We started the day earlier than either of us wanted because the train to Munich left at 7:15. Apparently, this didn’t matter to anyone else because there were so many people at the station. Our car was jampacked, too. For breakfast, we had schnitzel sandwiches (I get the appeal) and some shitty hot chocolate. I did too much office work, which led to a lovely guilt cycle. Why not write? Why not talk to my new husband? Why not read? Why not stare out the window at snow-laden mountains and trees? Oh, well. There’s no one way to do things, though going on vacation without bringing your job with you seems like a simple equation.
Due to travel delays, Richie and I could only spend one full day in the city instead of two. It didn’t help that we both woke up wicked late, thanks to jet lag. My new husband was kind enough to go downstairs and get us breakfast while I washed my hair free of travel. After eating way more chocolate for breakfast than we should have, we had to scoot quickly to the Belvedere, where we had time-sensitive entrance tickets. When researching Vienna, not a lot caught my eye; however, Klimt is a favorite of mine, so we had to see The Kiss: A perfect start for a newly married couple.
Honeymooning is a novel concept to me. In my life, I think I’ve only met two or three couples who were enjoying what the Germans call “flitter weeks.” Maybe that’s because I’ve never lived in a scenic locale that’s both memorable and Instagram-worthy (to let my bias out for a walk, my hometown’s beach is one of the nicest in the world. I’d much rather go to Pensacola than Miami, but whatever). I can’t cast stones, though, considering that my honeymoon takes me across the ocean to have my bags checked in Portugal before being delivered to the scenic views of Vienna’s MuseumQuartier.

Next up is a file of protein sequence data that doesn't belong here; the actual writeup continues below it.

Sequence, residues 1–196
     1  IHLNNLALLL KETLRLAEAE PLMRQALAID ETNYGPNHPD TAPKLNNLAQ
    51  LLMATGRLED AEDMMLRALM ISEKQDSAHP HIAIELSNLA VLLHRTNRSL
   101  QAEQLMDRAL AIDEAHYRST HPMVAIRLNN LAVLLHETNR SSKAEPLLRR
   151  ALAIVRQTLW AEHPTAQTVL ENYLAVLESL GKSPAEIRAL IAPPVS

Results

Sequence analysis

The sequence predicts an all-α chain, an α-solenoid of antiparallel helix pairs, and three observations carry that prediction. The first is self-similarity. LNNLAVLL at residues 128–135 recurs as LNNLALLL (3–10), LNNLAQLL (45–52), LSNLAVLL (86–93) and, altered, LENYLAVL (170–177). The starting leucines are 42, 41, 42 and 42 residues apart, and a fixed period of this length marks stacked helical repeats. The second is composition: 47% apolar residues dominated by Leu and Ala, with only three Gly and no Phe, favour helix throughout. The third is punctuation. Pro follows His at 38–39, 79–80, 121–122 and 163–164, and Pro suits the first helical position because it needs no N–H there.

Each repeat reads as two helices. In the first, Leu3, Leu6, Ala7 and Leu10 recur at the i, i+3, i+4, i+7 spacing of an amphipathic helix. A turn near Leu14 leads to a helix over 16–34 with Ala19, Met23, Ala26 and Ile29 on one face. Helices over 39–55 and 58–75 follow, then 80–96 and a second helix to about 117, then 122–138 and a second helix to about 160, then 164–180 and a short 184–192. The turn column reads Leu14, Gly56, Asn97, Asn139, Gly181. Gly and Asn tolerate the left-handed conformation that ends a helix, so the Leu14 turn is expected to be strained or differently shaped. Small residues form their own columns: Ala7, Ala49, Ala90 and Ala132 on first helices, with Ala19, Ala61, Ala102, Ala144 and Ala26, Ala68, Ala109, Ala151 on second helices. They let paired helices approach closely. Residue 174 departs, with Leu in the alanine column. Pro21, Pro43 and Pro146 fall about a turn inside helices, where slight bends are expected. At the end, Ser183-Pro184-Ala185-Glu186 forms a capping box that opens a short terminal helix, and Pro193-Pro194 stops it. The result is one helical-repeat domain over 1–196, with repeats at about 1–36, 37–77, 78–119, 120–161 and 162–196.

This winter has been hard. It’s been a long time since I’ve felt this out of control, but it’s as exhausting as I remembered. The dry heaving, the racing heart, the upset stomach, the lack of appetite, the binge eating, the mood swings, the wanting to fall into the nearest river and not swim back to the top. Even when life is objectively good, things can feel so bad. Hopefully, tomorrow changes things because, well, I’m going on my honeymoon.